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From One Generation to the Next

Youth volunteers grow as they serve the church and its kids

From One Generation to the Next
Lily Swanson (17) serves in Children’s Ministry. Photography by Seth Weber.

Discipleship is a big theme at Faith Bible Church because it’s a big theme in the Bible. No one is exempt from the responsibility to disciple and be discipled as God gives the opportunity.

The middle-school and high-school students at Faith have multiple opportunities for discipleship in both directions. By serving in Children’s Ministry, a growing number of youth are getting the chance to train alongside mature believers while also having their own unique influence on the younger ones.

Joe Swanson, director of Children’s Ministry, sees multiple benefits from getting the youth involved: They’re learning how to serve Christ and His church, and they also play a unique and significant role in sharing the Gospel with the next generation.

“Be like a child”

Elijah Erbeznik is 17 and the oldest of four boys. He says being saved and serving in Children’s Ministry over the past couple of years has completely changed how he relates to his siblings and other young kids. “I wasn’t somebody who really liked to be around kids. I wasn’t that type of guy. But Christ has really used all these years to get me to be prepared for when I’m older and I do have kids. Just cherish this and be like a child with them in a sense. Just have that mentality of getting down to their level and enjoying time.”

Elijah Erbeznik (17) sits with the first and second graders during Sunday school, helping them pay attention to the lesson.

Lily Swanson, 17, has also been involved in Children’s Ministry for several years. Her dad is the director, so she’s usually within range when he wants extra hands in Sunday School. But she says she has come to love spending time with the kids. She serves with Elijah in the first- and second- grade classroom.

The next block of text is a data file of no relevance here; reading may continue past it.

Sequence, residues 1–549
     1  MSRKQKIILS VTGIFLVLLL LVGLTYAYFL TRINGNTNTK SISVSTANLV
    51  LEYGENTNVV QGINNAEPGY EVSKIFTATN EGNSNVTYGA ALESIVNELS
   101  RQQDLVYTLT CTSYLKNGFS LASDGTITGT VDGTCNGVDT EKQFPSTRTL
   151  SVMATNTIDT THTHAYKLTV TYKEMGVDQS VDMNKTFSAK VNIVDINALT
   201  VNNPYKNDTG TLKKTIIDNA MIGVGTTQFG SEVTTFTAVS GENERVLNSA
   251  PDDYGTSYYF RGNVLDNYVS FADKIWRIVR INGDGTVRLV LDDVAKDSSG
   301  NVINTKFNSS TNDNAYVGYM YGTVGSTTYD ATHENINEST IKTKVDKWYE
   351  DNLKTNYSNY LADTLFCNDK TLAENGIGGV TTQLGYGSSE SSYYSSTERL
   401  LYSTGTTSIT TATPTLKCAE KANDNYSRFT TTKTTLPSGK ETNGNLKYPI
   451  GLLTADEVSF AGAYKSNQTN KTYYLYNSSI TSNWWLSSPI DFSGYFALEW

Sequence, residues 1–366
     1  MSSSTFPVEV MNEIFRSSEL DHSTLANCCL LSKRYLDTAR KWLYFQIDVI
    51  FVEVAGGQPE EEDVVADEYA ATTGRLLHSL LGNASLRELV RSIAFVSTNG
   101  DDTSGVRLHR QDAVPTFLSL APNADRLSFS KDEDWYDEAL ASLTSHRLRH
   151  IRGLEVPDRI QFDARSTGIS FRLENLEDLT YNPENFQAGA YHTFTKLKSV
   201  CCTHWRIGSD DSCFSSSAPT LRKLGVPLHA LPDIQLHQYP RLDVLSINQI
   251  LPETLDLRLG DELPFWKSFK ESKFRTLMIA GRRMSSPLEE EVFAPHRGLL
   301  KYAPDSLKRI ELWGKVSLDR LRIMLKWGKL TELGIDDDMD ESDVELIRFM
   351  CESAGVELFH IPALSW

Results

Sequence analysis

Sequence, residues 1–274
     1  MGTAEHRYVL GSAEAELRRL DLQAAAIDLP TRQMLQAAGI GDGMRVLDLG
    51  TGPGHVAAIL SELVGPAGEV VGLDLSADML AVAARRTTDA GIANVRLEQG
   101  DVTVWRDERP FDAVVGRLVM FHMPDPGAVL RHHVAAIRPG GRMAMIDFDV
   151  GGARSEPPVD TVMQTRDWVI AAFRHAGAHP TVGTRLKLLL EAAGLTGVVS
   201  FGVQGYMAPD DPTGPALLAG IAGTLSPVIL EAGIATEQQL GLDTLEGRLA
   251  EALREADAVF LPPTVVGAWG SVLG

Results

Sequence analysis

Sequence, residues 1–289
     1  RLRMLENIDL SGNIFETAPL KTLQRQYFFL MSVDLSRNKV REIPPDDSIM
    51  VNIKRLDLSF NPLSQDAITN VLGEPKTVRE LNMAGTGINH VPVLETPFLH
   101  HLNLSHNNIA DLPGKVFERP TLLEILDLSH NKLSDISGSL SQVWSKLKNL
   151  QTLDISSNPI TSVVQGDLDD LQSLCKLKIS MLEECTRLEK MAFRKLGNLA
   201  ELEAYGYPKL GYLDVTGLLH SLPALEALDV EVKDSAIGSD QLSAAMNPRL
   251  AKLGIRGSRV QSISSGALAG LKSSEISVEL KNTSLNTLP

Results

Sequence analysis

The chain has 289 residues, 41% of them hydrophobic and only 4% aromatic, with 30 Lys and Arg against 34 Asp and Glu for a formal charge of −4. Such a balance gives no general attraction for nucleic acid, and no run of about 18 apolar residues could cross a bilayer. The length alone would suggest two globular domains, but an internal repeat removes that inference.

As the oldest child with four siblings, Lily says it is helping her grow in enjoying younger kids. “I think Children’s Ministry has gotten me to open up more to people.”

At first, Lily was nervous about what she would be able to talk about with children she didn’t know. “Then I started talking to them and they were like, ‘I have a dog!’ and I said, ‘That’s so cool!’” It wasn’t as hard as she thought to find common interests with them.

Elijah enjoys getting to know them individually too. “They get all excited when I come in. … It’s nice being able to just know these little kids.”

One game Elijah plays with the kids is “grading” the pictures they draw and color. It all started with a simple squabble of two kids each trying to show him their paper first, and now everyone in the class brings their artwork to Elijah for appraisal.

“They get all excited when I come in. … It’s nice being able to just know these little kids.” Elijah Erbeznik

“I give them a little grade, and they get all excited when they hear an A+ or an A. ‘I got an A+!’ Or they’ll run over with other-colored pencils and they’ll grade other kids. I’m like, ‘You can’t do that! I’m pretty sure I put that grade on there, this is the only colored pencil.’ Then they’ll try to steal it from me. It’s fun.”

Elijah’s schedule was already busy when Joe first asked if he would serve in Children’s Ministry. He hesitated before committing to do it. But once he got started, he’s loved it ever since.

“Christ has just been providing time for me to be able to do this. I’ve got other time I can go work. I’ve been really blessed with the hours I have.”

Bringing a unique blessing

Far from just being “warm bodies,” the youth who serve in Children’s Ministry bring God-given talents and energy to the classrooms. The other workers certainly feel it on the Sundays when most teenagers are away at Youth Camp.